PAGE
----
We need our feet to get us from A to B, but as with all aspects of our body, they need looking after to keep them in good health.

Here we look at some of the most common foot conditions, and what can be done to both prevent and cure these ailments.

Athlete’s foot

Contrary to the origins of its name, athlete’s foot isn’t just a condition sports people suffer from. It’s a common fungal infection which thrives in warm damp environments and is usually contracted through contaminated surfaces (showers, swimming pools and changing rooms are hotspots) or coming into contact with someone who has athlete’s foot.1

The usual symptoms of athlete’s foot include an itching between your toes or on the soles of your feet, a cracking or peeling of the skin, and or itchy blisters on your feet. Other symptoms are discoloured and ‘crumbly’ toenails, as well as toenails which pull away from the nail bed.

The key to preventing athlete’s foot is to keep your toes clean and dry. Dabbing, rather than rubbing, your feet dry after showering, taking your shoes off when you’re at home and wearing clean socks every day are easy ways to help combat the issue. If you do contract the condition, there are over-the-counter sprays and creams which can help to heal it.2


Also known as plantar warts, verrucas are small lumps on the sole of your feet which most people experience at some point in their life. The verruca is caused by an infection called the human papilloma virus (HPV) making the outer skin of the skin overgrow and become rough.3

Although verrucas can heal themselves over time – this may take weeks, months or longer – so  treatments are available, to speed up the healing. The most common way to treat verrucas is by freezing the skin cells, through a procedure known as cryotherapy which can be conducted by a GP.4 You can also buy over-the-counter treatments such as creams, sprays and plasters to treat the verruca. 

Fungal nail infection

Similar to athlete’s foot, fungal nail infections thrive in warm, moist environments. This condition grows in, under or on the toenail, usually starting on the edge of the nail causing it to become brittle and discoloured.5

To help cure the infection, pharmacists can recommend creams and varnishes, or your GP may prescribe you with a course of antibiotics – it’s worth noting that both approaches do take time to help combat the issue. The tips for avoiding fungal nail infections are similar to those associated with athlete’s foot, however antifungal sprays and powders are available to help prevent the growth of the condition.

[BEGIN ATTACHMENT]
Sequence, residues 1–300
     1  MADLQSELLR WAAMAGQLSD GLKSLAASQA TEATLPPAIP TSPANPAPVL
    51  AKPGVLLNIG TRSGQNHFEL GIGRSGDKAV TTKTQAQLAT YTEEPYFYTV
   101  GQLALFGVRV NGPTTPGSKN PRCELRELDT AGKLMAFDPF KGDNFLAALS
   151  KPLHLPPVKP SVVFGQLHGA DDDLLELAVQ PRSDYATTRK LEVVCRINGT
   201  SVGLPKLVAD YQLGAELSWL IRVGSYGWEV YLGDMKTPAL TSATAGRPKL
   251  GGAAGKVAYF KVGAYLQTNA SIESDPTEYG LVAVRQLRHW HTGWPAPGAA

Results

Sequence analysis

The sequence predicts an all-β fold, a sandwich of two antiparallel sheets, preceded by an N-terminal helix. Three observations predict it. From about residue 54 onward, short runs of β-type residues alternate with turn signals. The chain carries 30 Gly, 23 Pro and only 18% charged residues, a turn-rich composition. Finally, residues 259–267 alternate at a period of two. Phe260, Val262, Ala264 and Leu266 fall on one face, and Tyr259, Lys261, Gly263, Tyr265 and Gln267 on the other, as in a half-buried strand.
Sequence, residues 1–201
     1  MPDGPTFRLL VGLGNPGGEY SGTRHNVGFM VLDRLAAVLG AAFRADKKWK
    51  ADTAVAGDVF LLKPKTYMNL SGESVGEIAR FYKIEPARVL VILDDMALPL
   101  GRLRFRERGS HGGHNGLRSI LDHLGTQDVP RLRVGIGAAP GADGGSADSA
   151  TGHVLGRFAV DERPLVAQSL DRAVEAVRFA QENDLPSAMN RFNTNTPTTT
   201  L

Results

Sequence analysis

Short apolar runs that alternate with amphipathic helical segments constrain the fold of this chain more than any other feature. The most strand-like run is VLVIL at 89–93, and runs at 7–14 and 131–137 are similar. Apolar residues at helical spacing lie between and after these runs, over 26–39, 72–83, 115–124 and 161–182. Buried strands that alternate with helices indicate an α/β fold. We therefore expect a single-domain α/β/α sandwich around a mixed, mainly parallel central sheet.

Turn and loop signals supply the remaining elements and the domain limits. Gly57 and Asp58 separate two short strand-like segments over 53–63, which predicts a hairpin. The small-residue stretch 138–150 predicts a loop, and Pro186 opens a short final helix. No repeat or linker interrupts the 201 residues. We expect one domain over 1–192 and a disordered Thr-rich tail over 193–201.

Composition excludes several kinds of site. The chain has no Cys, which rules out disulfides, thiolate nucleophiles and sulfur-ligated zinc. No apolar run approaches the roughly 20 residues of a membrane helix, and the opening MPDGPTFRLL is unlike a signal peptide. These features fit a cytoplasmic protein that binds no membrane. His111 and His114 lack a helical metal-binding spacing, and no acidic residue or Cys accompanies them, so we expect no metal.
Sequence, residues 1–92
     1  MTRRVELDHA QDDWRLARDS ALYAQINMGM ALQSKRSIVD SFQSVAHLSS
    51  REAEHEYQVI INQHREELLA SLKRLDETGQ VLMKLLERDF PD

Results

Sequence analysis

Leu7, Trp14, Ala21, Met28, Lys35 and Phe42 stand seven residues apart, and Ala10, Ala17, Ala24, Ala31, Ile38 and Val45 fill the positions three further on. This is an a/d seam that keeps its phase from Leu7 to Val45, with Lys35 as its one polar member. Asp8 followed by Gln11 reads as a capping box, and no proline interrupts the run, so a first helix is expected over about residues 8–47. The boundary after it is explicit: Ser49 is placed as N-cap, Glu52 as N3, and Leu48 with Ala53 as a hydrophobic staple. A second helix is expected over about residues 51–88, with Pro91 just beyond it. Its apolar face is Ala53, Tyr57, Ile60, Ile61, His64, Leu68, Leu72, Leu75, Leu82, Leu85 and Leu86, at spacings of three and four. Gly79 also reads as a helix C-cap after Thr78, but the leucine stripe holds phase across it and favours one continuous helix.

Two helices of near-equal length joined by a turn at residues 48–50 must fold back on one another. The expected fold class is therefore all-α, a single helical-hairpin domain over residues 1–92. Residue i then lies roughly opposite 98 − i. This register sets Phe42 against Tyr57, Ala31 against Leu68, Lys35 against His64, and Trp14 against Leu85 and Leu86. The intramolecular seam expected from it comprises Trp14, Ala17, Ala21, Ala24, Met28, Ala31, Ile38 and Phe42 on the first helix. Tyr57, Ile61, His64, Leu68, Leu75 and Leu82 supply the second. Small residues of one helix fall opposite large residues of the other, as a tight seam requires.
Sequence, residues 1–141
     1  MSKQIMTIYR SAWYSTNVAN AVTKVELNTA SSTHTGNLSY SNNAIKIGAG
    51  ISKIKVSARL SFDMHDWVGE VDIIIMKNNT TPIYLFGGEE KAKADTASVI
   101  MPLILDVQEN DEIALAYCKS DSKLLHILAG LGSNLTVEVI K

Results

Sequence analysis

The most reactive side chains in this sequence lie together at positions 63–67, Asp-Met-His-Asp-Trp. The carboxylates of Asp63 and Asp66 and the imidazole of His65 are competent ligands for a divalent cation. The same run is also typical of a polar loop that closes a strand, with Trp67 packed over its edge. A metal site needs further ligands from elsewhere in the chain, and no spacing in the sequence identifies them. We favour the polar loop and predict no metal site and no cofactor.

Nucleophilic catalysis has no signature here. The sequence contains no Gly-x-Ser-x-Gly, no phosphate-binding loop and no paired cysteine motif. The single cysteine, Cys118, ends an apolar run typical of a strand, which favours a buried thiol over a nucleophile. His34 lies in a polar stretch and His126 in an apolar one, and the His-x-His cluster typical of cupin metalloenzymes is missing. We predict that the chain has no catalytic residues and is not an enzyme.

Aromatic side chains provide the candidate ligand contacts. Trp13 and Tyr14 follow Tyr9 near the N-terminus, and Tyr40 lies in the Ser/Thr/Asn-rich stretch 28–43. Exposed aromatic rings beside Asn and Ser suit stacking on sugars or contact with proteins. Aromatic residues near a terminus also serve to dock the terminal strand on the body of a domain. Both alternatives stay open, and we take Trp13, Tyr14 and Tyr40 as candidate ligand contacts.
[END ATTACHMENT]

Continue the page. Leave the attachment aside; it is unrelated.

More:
Corns and calluses

Often in response to friction and pressure being placed on your feet; corns and calluses are hard, painful areas of the skin.6 These conditions are most common in those who stand for long periods of the day, have poorly fitted shoes or sweaty feet.  

Wearing thick socks and well fitting shoes can help reduce the risk of corns and calluses, as can heel pads and insoles. However, visiting a foot specialist may be the best option to help treat the condition, through either offering tailor-made pads and insoles or removing the troublesome skin.7

Getting the right help for your feet

To keep your feet healthy and happy, you can seek professional help to cure or treat foot ailments.

Podiatrists and chiropodists are health care professionals who are trained in all-things feet, diagnosing and treating a host of abnormalities and conditions. They can help correct and prevent potential deformities and help keep people on their feet.

With a cash plan from Sovereign Health Care, you can claim money back towards your health care costs including treatment by a qualified and registered chiropodist or podiatrist. Click here for more details.


1 – Healthline https://www.healthline.com/health/athletes-foot

2 – NHS https://www.nhs.uk/live-well/healthy-body/tips-on-foot-care/

3 – British Skin Foundation https://www.britishskinfoundation.org.uk/plantar-warts-verrucas

4 – NHS Inform https://www.nhsinform.scot/illnesses-and-conditions/skin-hair-and-nails/warts-and-verrucas

5 – NHS https://www.nhs.uk/conditions/fungal-nail-infection/

6 – Medical News Today https://www.medicalnewstoday.com/articles/172459.php

7 – NHS https://www.nhs.uk/conditions/corns-and-calluses/

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